Research indicates that workplace bullying has a more negative effect on employees than sexual harassment, perhaps because there are more procedures in place for dealing with sexual harassment. To be honest, the problem is really a cultural one. The workplace culture must reject bullying, as there is little the individual worker can do. Successful programs aimed at reducing playground bullying focus on the school environment. Likewise, workplace bullying needs to be addressed at the organisational level.
A comprehensive approach might include:
■ Policies against bullying: Leadership in the workplace must establish clear policies against bullying and for healthy conflict resolution. Clarifying that bullying is any type of unwanted, aggressive or negative behaviour will help employees begin to understand where to draw the lines. Clarifying what the consequences are of workplace bullying (and that the organisation will enforce them) can go a long way to helping employees feel safe. Employees as a group should know what the policies are, as bullies often distort their understanding of the rules to allow their inappropriate behaviour.
■ Prevention of bullying: Programs designed to reduce school bullying often have a committee of representatives from different parts of the school community. This committee then develops and disseminates prevention activities. By involving all levels of employees and management, such a team approach has a better chance of changing an organisational culture than simply a top-down initiative. However, top management has to strongly support it in a meaningful way, or it will fail.
■ Staff training: Training all workers to support each other and ''set limits'' on their co-workers may be more effective than just setting company policies. When workers feel that ''it's not my problem'' there is more likely to be aggressive, bullying behaviour. Practising conflict scenarios and what co-workers can say and do is a particularly useful approach.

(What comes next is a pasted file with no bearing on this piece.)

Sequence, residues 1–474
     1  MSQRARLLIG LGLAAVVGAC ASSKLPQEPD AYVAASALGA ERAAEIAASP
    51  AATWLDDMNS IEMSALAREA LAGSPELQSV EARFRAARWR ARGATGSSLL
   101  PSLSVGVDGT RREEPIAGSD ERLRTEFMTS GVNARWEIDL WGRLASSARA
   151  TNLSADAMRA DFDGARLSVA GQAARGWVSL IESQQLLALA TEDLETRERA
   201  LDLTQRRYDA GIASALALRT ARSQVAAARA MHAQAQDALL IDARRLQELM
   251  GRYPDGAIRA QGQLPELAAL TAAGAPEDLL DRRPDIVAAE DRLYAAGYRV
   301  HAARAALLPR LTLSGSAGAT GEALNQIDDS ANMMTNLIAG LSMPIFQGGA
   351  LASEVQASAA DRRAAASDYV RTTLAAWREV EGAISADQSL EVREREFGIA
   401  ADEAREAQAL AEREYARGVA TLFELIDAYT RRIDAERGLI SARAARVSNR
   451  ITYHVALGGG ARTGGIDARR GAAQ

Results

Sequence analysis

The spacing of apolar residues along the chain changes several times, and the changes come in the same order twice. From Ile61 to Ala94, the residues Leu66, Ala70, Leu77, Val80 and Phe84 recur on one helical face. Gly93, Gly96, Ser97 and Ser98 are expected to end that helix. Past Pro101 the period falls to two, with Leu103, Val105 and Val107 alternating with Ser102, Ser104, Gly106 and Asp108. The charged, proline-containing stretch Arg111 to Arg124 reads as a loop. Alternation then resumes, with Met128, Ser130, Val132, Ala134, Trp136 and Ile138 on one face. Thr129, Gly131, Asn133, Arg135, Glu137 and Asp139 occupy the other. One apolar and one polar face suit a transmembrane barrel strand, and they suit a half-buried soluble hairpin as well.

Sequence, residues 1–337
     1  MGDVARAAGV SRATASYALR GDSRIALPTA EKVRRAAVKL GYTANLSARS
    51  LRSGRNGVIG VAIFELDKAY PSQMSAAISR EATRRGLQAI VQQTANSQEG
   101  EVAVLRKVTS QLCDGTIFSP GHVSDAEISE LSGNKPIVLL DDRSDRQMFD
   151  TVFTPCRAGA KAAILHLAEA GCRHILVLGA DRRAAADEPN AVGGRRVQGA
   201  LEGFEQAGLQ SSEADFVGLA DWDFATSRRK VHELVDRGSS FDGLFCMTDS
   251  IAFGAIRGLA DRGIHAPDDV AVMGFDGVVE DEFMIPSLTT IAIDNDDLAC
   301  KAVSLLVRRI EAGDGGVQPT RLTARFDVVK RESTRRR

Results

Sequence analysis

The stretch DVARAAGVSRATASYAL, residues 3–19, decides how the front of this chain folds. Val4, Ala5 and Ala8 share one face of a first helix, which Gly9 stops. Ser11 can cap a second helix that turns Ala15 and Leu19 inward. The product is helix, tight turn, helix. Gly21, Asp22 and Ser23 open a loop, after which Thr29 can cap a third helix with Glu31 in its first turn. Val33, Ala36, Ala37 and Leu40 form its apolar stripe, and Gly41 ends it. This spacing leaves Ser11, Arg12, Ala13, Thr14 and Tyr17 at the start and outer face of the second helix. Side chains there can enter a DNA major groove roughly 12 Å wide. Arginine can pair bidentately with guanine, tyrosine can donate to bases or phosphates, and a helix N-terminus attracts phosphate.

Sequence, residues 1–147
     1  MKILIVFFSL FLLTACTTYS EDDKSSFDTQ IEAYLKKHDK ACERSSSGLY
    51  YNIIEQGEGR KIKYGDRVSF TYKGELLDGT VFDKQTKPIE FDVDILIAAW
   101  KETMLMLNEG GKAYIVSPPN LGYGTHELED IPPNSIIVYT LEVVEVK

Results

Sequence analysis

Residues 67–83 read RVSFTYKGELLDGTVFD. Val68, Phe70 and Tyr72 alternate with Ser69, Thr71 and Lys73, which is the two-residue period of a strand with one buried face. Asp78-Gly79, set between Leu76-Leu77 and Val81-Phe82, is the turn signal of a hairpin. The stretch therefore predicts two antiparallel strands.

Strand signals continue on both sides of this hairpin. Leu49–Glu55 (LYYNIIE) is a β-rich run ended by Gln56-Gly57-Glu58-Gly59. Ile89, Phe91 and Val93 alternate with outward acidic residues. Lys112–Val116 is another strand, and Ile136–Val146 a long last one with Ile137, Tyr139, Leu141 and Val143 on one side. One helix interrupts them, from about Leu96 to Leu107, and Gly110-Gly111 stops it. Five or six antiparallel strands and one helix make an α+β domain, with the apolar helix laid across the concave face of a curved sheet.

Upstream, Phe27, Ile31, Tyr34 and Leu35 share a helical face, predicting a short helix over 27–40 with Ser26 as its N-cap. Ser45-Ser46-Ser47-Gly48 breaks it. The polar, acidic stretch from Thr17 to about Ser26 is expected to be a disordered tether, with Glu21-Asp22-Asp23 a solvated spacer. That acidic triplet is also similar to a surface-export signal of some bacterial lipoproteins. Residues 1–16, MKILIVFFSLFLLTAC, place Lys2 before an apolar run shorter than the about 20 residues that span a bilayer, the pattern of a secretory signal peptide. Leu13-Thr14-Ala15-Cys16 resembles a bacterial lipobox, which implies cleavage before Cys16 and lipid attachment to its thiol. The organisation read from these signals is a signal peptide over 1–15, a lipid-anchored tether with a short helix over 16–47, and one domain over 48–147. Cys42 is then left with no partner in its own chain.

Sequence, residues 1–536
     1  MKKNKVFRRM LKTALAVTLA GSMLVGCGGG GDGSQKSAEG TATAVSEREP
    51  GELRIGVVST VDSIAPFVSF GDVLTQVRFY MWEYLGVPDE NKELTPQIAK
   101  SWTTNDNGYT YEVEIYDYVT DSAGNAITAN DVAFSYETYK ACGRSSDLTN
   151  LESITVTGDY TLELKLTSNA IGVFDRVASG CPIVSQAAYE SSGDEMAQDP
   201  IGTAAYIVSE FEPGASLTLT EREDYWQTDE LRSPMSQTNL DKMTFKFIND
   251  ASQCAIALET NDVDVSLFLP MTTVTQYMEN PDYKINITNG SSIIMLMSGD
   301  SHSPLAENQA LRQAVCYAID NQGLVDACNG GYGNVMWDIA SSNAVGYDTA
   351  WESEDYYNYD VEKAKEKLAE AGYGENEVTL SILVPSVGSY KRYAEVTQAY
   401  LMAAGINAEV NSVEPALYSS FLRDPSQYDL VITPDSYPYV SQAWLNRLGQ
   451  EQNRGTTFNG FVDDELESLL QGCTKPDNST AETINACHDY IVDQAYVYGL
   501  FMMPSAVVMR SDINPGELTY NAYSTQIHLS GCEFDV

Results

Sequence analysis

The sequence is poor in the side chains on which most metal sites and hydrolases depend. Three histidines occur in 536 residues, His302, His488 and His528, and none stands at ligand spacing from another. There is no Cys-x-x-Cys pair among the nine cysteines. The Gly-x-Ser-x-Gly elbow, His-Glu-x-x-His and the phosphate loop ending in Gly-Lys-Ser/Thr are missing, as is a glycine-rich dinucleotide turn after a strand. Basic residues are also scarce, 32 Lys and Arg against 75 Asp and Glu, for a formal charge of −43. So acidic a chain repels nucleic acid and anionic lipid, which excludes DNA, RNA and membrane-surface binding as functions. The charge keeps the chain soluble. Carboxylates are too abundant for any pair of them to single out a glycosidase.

■ Confidential lines of communication: Many bullies are in positions of authority over their targets. So lines of communication that require reporting such problems to one's immediate superior do not work. There need to be independent people for reporting bullying.
■ Counselling: It would help employees and organisations to have a resource person for bullied individuals to use to discuss bullying experiences in confidence. This may help employees and organisations reduce the downward spiral of self-doubt and health problems that bullying often triggers.
■ Consequences: There have to be real consequences for bullies that everyone can see. That way other potential bullies will be more careful to follow the rules and other potential victims will know that they will be protected.
■ Healthy workplace laws: Some states and countries are considering healthy workplace legislation that would establish expectations for employee behaviour, and also provide for legal redress for workplace bullying.
If you are being bullied, there are several things to consider.
■ Don't take it personally. Avoid becoming self-critical or becoming isolated. Bullying behaviour is about the bully, not the target. There is nothing you could have done to deserve this behaviour.
■ Get help. Talk to someone about the bullying, even if it's a friend, family member or co-worker. Don't try to stop the bully alone. That is a mistake many individuals and organisations make.
■ Find out your organisation's policy about bullying. There may be a resource person to whom you can report the bullying. The best policies encourage co-workers and managers to work together to halt bullying behaviour and to have the bully removed, if necessary.
If you are being bullied by your immediate supervisor and if your organisation says you have to talk to that person, look around for someone else to talk to.
■ Remember you have choices. Many excellent employees leave organisations that allow bullies to run rampant. You don't have to tolerate a hostile work environment. Knowing you have choices and investigating your options (such as other jobs) will give you strength. Bullying is not about you. It's about the bully's personality problems. You don't have to be stuck.
Understanding that bullying is primarily an unconscious behaviour may assist organisations and individuals in approaching this more effectively. Most workplace bullies may be ''high conflict people''. Realising this helps understand that the problem is:
■ A problem of long duration that won't just go away.
■ It is a deep and serious problem, rather than a minor problem.
■ It is a problem that must be solved at the community level, rather than putting the burden on the individual target.
Bill Eddy is CEO of the the High Conflict Institute and the author of several books. He will be leading a workshop on ''How to combat bullying and increase safety and productivity at work'' on September 26 at the CSIRO Discovery Centre, sponsored by the Institute of Arbitrators and Mediators Australia. Contact 6260 7117.